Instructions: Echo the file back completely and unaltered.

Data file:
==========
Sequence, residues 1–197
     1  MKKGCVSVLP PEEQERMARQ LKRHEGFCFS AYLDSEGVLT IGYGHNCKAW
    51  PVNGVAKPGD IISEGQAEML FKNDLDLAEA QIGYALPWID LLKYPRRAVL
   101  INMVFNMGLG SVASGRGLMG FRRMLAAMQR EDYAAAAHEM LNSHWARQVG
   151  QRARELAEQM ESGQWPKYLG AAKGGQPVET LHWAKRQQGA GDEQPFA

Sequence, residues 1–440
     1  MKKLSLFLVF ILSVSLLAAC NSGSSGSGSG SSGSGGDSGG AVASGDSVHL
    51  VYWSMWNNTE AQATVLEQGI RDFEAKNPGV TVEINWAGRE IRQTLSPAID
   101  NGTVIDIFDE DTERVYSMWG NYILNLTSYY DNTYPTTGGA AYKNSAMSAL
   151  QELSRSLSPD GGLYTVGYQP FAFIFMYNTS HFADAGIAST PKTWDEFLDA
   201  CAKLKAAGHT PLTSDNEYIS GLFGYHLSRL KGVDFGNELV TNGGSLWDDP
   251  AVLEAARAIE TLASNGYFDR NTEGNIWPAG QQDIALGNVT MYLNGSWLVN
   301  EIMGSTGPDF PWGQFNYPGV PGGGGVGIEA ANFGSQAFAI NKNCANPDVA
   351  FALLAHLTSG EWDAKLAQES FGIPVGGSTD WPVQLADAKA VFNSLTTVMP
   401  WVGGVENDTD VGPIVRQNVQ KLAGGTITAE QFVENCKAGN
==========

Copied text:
Sequence, residues 1–197
     1  MKKGCVSVLP PEEQERMARQ LKRHEGFCFS AYLDSEGVLT IGYGHNCKAW
    51  PVNGVAKPGD IISEGQAEML FKNDLDLAEA QIGYALPWID LLKYPRRAVL
   101  INMVFNMGLG SVASGRGLMG FRRMLAAMQR EDYAAAAHEM LNSHWARQVG
   151  QRARELAEQM ESGQWPKYLG AAKGGQPVET LHWAKRQQGA GDEQPFA

Sequence, residues 1–440
     1  MKKLSLFLVF ILSVSLLAAC NSGSSGSGSG SSGSGGDSGG AVASGDSVHL
    51  VYWSMWNNTE AQATVLEQGI RDFEAKNPGV TVEINWAGRE IRQTLSPAID
   101  NGTVIDIFDE DTERVYSMWG NYILNLTSYY DNTYPTTGGA AYKNSAMSAL
   151  QELSRSLSPD GGLYTVGYQP FAFIFMYNTS HFADAGIAST PKTWDEFLDA
   201  CAKLKAAGHT PLTSDNEYIS GLFGYHLSRL KGVDFGNELV TNGGSLWDDP
   251  AVLEAARAIE TLASNGYFDR NTEGNIWPAG QQDIALGNVT MYLNGSWLVN
   301  EIMGSTGPDF PWGQFNYPGV PGGGGVGIEA ANFGSQAFAI NKNCANPDVA
   351  FALLAHLTSG EWDAKLAQES FGIPVGGSTD WPVQLADAKA VFNSLTTVMP
   401  WVGGVENDTD VGPIVRQNVQ KLAGGTITAE QFVENCKAGN